On Wednesday Tommy had an appointment to see Dr. Luchansky, a pediatric ophthalmologist at the Children's Hospital of Pittsburgh. He handles Tommy's contacts and we were there to make sure everything was going well.
In the waiting room.
This had to be one of our quickest appointments. I usually have to get myself mentally prepared for any appointment at CHOP because it's always busy and there's always a wait. That's not easy with a busy guy like Tommy, so I come prepared with snacks, toys and his iPad.
The doctor examined Tom's eyes and found that his right contact was still in and the left was out. That's what we thought. Tom's right eye gives him much more information than his left eye. When his contact is in the right eye he keeps his eyes open much more.
Waiting for the doc.
With Tom's eyes it can be very difficult to tell if his contact is in his eye or not. Aphakic contacts are like a big, thick version of a regular soft contact. They are clear so it's very difficult to see them. Also, Tom has had many eye surgeries so the surface of his eyes is irregular. His glaucoma surgeries especially changed his eyes and left scar tissue that makes it very hard see a contact on his eye. His doctors use a slit lamp (a low-power microscope with a high-intensity light source) to get a more accurate view of Tom's eyes.
He popped the contact we found back in and used the slit lamp again to make sure it was placed correctly in his eye. It was and we were free to go. Putting the contact in was the hardest part for Tom, even though it was very quick. Dr. Luchansky is good with contacts! Tom layed on my lap and was very cooperative during his eye exam.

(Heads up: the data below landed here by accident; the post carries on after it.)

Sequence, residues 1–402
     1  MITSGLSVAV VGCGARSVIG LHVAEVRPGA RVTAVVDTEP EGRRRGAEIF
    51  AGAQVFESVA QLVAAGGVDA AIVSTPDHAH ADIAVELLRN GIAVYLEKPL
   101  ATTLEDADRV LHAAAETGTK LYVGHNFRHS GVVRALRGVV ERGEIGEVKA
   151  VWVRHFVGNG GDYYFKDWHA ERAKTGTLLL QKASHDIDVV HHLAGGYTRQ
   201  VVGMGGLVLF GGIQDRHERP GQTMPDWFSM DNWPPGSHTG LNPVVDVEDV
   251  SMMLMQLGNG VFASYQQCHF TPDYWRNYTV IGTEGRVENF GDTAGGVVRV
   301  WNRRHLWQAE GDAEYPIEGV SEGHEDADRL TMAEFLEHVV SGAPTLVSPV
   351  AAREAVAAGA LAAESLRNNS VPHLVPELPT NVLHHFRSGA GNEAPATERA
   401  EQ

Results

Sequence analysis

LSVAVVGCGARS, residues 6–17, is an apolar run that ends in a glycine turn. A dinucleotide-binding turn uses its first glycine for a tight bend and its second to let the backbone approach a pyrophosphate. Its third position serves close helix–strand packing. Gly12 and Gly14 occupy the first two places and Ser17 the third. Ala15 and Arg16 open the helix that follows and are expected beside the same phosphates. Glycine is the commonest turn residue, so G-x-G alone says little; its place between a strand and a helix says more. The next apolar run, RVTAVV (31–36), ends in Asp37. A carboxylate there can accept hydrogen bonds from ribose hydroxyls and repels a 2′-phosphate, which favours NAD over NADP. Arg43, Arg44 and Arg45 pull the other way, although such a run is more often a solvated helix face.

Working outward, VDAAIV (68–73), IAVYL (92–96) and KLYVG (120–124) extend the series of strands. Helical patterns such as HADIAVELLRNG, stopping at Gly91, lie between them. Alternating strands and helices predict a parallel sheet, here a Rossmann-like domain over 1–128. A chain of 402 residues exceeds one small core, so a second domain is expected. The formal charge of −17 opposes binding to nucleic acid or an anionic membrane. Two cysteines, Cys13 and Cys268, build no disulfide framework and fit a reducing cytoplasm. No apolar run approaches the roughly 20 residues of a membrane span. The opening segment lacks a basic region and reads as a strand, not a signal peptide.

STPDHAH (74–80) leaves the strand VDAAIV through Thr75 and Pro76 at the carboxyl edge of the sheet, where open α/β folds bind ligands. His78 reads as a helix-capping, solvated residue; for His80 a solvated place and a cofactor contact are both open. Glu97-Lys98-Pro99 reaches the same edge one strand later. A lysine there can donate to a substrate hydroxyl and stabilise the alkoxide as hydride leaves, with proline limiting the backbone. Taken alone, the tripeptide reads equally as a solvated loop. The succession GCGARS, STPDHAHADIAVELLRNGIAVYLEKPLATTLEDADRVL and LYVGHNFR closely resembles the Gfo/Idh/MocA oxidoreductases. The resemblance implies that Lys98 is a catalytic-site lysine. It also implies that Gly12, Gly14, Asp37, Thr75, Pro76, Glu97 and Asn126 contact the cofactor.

A little meditation before his exam.
We don't take Tom's contacts out ourselves, though many parents do. His eyes are examined every 2-3 months by his doctors and we give him daily glaucoma drops. Due to Tom's small eyes (microphthalmia) it is quite difficult to get contacts in and out, and the irregular surface of Tom's eyes makes it difficult to even be sure his contacts are in. I don't have my own slit lamp:) We go by his behavior. He keeps his eyes open much more if his contacts are in his eyes. It's a very noticable difference. The contacts cause him to use his eyes and if he's getting some benefit from them we will continue to provide him with contacts. If he never opened his eyes we wouldn't bother.
Usually, we are lucky enough to find the contact lenses when they fall out. I have found them in his bed and on the floor and even stuck to a piece of popcorn in his snack bowl once. I save the contacts in a case to see if they are in good shape and can go back in. Usually the doctor decides they are.
These contacts aren't cheap. They cost about $180.00 per lens and that's me buying them myself. It's $250.00 per lens if I buy them through his doctor. This is not covered by insurance even though these contacts are considered a prosthesis because they are taking the place of his natural lens. The rules of insurance baffle me.
The good news is that Tom's contacts are in, our appointment was quick, and we didn't spend four plus hours at the hospital for one appointment! Success.